Pilot Words To Live By: Aviate - Navigate - Communicate

Pilot Words To Live By: Aviate - Navigate - Communicate

Aviate - Navigate - Communicate… and in that order! Why? As a pilot, you will at times find yourself having to prioritize tasks in the flight deck. Seasoned aviators know that task saturation can happen and like anything in aviation, it's always good to have a plan. You will learn from day one of your pilot training that aviation and procedures go hand in hand. Think of these words as another procedure. Your flight training will challenge you in ways you may have never been challenged before. Whether you are a student pilot, private pilot, or commercial pilot, this saying WILL help you safely complete your mission. 


This simply means fly the airplane. Depending on the aircraft you are flying there aren’t many emergencies or situations that require you to do anything else other than maintaining control of the aircraft before dealing with the emergency. Even some of the most critical emergencies such as an engine failure first require you to maintain positive control of the aircraft before running a checklist. Letting ATC know about your engine failure won’t do you any good if you’ve entered a spin while talking to ATC. 

Remember the miracle on the Hudson when Sully landed his severely crippled Airbus in the Hudson river? The first thing he did was fly the plane by maintaining positive control and looking for a place to land. This saved valuable time which was needed to safely maneuver the aircraft to the best forced landing site. 

It doesn’t matter if you are flying a two crew or single-pilot aircraft the rule is the same. In a two-crew situation, both pilots should ensure the aircraft is under control before doing anything else. Then, and only then would one pilot devote their attention to other tasks such as troubleshooting and communicating with ATC. The pilot flying will continue to prioritize the “aviate” part of the equation. If the aircraft only has one pilot, the stress and danger level will rise since all of the responsibility rests on that person. If you always come back to “fly the airplane first” you won’t go wrong.

Don’t ever stop flying the aircraft; and if there are two pilots, clearly establish who is responsible for flying the aircraft. 


Now that you are in full control of the aircraft you need to ensure you continue to navigate. This might be as simple as flying in the direction you were intending to go, or as difficult as navigating to a forced landing site. Maybe navigating includes avoiding obstacles or airspace. When dealing with an emergency you will be afforded some latitude when it comes to busting airspace, however, if busting that airspace results in a new hazard it only increases the danger. Obviously, in a VFR situation, this task is much easier than an IFR scenario. During your flight training, ensure you don’t ever lose sight of the navigation piece. Especially when practicing maneuvers and emergencies Solo. As a private pilot, you will likely be flying a single pilot aircraft, so again, it all falls on you!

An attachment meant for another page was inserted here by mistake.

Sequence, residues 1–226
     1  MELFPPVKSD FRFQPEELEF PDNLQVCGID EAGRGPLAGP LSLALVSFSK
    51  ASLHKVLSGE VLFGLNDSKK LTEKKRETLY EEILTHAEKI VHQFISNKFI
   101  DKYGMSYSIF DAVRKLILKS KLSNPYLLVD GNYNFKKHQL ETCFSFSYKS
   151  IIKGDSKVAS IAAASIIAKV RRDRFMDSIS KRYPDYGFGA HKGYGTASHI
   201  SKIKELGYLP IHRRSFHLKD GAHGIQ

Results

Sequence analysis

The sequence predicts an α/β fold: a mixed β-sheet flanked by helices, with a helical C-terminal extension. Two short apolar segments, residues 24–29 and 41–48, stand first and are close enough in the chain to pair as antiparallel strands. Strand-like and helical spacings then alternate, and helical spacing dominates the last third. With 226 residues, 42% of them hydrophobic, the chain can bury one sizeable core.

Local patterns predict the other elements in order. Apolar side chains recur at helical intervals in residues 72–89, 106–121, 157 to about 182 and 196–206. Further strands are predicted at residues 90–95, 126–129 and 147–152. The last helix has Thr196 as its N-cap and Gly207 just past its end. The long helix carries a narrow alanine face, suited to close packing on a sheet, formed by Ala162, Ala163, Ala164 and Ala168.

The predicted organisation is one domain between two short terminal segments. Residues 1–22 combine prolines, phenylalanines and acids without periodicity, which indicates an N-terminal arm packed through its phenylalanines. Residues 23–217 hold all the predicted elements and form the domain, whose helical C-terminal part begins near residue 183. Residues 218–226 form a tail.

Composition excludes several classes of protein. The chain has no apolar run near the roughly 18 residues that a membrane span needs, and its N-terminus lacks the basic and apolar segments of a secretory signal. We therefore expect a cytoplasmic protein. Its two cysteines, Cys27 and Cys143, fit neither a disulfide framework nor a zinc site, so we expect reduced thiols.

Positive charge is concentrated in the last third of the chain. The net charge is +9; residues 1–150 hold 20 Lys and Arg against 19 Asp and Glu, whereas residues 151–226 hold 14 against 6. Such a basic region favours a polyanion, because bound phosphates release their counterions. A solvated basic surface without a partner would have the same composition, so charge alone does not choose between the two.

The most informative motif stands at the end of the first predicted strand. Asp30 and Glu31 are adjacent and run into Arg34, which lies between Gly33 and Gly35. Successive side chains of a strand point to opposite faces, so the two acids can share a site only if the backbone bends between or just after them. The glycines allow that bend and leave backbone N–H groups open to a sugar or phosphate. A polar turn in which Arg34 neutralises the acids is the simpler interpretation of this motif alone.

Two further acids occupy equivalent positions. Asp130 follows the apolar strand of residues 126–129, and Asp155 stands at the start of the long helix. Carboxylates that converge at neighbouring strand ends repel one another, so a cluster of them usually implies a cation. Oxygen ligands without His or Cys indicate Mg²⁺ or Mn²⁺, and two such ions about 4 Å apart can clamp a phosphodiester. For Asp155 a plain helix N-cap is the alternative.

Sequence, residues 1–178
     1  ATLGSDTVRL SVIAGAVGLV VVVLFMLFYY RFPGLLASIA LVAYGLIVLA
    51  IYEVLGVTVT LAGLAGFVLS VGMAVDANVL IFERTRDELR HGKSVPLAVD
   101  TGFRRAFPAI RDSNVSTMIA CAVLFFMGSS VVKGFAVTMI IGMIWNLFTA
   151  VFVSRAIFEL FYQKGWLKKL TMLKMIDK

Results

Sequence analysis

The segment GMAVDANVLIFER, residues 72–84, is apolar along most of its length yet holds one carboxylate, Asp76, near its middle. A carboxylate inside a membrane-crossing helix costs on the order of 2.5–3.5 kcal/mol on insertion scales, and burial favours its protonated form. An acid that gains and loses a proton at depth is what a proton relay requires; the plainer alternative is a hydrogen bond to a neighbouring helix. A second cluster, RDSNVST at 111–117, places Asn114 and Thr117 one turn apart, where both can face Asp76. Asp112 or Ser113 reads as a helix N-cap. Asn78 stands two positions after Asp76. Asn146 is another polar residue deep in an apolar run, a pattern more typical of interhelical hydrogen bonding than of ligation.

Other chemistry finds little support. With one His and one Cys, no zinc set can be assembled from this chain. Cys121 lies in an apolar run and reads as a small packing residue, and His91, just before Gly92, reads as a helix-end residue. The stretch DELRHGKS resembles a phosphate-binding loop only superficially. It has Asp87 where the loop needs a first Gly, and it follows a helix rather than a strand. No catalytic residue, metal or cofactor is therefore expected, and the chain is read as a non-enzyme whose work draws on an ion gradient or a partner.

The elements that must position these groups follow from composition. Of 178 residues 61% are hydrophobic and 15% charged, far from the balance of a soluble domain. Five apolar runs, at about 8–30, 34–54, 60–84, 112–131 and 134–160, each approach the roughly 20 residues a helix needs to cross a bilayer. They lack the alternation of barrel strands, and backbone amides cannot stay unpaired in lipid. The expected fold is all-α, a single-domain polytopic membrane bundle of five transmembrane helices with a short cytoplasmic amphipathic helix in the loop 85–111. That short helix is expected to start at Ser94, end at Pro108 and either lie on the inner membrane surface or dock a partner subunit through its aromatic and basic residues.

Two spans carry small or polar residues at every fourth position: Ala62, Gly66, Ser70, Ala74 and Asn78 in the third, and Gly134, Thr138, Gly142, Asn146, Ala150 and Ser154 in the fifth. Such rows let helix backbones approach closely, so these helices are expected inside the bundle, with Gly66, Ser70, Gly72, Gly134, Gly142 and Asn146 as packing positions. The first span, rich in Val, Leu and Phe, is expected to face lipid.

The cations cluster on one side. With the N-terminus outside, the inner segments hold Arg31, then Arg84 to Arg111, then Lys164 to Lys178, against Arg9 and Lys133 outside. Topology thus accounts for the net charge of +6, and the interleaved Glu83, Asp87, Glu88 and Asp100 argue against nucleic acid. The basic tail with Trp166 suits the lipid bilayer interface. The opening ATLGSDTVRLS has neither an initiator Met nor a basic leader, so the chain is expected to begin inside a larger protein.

Think of navigation as situational awareness. Don't become so distracted or zoned in on other tasks that you lose focus on the big picture.


The final piece of the puzzle is communication. Imagine yourself departing from a busy airport and the tower controller gives you a frequency to contact after departure. When would you make this frequency change? As tempting as it may be to switch immediately after the wheels leave the ground don’t do it! Wait until you are established in a positive rate of climb at a safe speed. Also, wait until you have begun the initial part of your navigation. This could be as simple as making the turn to the crosswind leg. Or maybe it’s continuing straight ahead. At the end of the day, especially in a typical small general aviation aircraft, by the time you reach 500 feet AGL, you will be well positioned to change frequencies and communicate with the new controller.